On the 3rd July the Western Counties Air Operations unit transferred across to the National Police Air Service (NPAS). This will provide air support to the 43 forces at 22 bases across the country. The main aim of this national collaboration programme is to manage air support across the country through a borderless way of working. As such the Western Counties Website will no longer be updated. We would like to thank you for using the site, should you wish to continue to follow us we are now on Twitter –

Western Counties - Air Operations Unit

Frequently asked questions (FAQs)

1. What type of helicopter is used by Western Counties?

The Western Counties Air Operations Unit utilises a Eurocopter EC135 helicopter that is fully role equipped for police operations that is jointly owned by both Constabularies.

Although normally based at British Aerospace’s Airfield at Filton, Bristol the helicopter can be forward deployed in support of specific incidents and operations.

2. Why did Avon and Somerset Constabulary and Gloucestershire Constabulary decide to invest in a helicopter?

In 1995 the consortium area was experiencing a rise in crime where cars were used to commit a significant number of commercial burglaries, or as was known at the time ‘Ram Raids’. Around the country police forces were beginning to utilise helicopters in the fight against with some considerable success. It was in light of the increase in this particular type of crime and the overall policing advantage that could be achieved with a police helicopter that the consortium decided to invest.

3. Where is the helicopter based and does it have to work with other air traffic when airbourne or does it have priority over other aircraft?

The aircraft is based at Filton Airfield, Bristol. When airborne the pilot can communicate with air traffic control to ensure that safe separation from other aircraft. The police Helicopter does have priority over other aircraft if required, but is not normally necessary.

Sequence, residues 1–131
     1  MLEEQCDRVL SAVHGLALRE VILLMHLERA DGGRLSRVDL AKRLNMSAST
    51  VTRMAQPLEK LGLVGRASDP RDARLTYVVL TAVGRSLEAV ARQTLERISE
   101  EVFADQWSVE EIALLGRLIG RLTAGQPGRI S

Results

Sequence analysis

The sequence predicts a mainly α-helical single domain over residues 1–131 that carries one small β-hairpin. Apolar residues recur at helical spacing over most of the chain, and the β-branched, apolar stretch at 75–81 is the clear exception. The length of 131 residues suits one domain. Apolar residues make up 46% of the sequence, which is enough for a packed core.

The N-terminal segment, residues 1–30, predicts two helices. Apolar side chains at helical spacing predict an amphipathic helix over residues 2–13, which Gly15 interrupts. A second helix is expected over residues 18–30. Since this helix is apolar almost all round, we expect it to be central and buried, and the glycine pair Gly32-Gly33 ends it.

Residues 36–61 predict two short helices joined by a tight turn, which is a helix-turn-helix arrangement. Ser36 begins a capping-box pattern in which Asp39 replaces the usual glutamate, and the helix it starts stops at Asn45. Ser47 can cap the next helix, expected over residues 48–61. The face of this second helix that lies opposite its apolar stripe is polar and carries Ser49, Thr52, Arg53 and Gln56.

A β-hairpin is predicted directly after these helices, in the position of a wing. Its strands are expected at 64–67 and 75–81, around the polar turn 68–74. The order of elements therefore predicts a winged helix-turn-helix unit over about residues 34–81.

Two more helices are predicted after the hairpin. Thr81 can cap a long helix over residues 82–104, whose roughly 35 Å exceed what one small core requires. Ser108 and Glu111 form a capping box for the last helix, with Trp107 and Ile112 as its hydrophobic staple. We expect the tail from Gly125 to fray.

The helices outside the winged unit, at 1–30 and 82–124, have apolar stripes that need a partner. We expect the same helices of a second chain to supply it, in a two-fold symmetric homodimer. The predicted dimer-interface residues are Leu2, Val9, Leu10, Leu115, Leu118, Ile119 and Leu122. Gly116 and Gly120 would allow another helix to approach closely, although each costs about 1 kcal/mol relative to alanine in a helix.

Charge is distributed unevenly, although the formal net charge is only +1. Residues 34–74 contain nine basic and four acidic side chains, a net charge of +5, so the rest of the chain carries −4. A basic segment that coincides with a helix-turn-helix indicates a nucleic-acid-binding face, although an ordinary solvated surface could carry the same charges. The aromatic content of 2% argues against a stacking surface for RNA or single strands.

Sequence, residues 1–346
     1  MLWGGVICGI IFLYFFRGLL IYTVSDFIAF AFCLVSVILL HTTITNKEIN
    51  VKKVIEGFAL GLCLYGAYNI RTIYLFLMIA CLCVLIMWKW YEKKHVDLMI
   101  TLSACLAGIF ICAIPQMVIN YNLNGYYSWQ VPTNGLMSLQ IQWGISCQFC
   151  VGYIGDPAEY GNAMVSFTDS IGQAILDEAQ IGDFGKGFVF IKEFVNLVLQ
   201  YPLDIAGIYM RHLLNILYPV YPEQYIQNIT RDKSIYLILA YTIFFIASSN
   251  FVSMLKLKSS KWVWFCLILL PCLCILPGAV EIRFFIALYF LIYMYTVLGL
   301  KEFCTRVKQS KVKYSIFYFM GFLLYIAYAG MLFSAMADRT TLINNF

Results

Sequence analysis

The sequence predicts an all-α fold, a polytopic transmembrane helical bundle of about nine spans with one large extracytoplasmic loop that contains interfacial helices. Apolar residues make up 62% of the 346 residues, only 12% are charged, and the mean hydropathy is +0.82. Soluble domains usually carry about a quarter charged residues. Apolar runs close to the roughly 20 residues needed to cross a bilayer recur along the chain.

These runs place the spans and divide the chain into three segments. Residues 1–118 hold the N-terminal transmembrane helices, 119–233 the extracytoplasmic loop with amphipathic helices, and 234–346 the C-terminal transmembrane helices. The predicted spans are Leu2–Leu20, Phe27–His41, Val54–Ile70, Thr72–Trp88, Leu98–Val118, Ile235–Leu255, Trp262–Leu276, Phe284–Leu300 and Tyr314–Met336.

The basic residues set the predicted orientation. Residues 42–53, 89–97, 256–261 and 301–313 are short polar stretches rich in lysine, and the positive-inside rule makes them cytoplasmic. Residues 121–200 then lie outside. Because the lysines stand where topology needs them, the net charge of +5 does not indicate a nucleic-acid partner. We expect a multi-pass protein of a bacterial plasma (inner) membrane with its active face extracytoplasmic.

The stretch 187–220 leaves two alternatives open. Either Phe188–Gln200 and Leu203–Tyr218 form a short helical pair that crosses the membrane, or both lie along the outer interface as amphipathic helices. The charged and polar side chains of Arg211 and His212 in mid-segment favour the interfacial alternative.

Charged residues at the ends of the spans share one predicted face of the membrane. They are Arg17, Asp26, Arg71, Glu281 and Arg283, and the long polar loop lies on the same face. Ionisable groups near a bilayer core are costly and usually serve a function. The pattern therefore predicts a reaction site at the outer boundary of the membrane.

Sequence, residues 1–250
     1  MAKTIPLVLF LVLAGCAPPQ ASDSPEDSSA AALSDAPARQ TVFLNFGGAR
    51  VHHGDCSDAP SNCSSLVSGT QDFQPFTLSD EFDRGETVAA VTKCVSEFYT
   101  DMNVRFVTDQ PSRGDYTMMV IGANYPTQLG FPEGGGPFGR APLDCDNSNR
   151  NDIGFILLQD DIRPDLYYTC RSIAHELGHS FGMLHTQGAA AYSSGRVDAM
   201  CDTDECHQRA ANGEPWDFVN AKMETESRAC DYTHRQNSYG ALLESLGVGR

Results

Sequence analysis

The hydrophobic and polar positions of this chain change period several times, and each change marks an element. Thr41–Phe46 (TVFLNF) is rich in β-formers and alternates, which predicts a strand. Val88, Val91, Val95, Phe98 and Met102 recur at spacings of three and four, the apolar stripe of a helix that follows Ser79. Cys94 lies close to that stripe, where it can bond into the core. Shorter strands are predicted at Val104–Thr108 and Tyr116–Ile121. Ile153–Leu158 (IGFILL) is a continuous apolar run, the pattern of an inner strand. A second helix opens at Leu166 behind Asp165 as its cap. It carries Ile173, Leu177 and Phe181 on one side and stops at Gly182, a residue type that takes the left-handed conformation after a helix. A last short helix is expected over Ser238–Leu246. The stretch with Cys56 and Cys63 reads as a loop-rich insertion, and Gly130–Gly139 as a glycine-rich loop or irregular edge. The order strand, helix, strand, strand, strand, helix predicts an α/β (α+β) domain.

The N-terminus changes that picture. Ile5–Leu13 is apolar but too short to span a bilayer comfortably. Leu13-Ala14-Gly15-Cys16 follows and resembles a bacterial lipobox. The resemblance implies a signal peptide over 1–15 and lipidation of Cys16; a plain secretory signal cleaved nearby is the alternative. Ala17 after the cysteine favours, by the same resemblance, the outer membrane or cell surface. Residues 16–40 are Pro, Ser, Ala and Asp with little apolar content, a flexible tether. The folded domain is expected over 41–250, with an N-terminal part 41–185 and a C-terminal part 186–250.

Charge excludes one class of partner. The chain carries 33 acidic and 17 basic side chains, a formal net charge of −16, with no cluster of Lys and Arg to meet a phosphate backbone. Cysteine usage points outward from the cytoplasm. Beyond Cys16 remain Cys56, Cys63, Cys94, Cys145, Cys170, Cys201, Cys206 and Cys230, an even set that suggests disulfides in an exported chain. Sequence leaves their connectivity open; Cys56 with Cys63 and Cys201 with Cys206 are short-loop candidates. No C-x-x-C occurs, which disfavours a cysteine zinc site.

4. From the moment when a task is assigned, how long does it take for the helicopter to be airbourne?

The aircraft can be ready for flight in about two minutes.

5. Is the helicopter used for taking people to hospital?

Yes, the helicopter can be used as an Air Ambulance. In its first 10 years of service almost 200 lives were potentially saved. Most of these people sustained life threatening injuries following serious road traffic collisions.

6. How much fuel does the helicopter use in a year?

The helicopter will use about 350,000 litres of fuel in one year. As a point of interest a Boeing 747 – 400 uses 216,360 litres on one tank full!

7. What sort of training do the helicopter observers have to go through before joining the unit?

The observers are all serving police officers who all have to pass a series of stringent tests before they are selected for training.

It takes a total of seven weeks to train an officer to become an air observer. After that they have to pass an examination every six months to ensure that they are performing at the highest levels.

8. Where do the pilots train and do they have some kind of military background?

The pilots are all ex-military and have exemplary flying records. The pilots also have to undergo regular testing to ensure that they are performing at the highest levels. Training is completed in our aircraft and in flight simulators.

9. Do you allow visitors to the air operations unit?

Visitors are not normally allowed onto the airfield, however, the aircraft and crew do make regular appearances at police open days and air-shows. If the aircraft is intending to attend a function, it is normally publicised in the local media.

10. How do I find out why the helicopter was hovering over the area I live in?

We have a section on our website where you can find out the tasks the helicopter has been assigned.

What has the aircraft been doing in your area?

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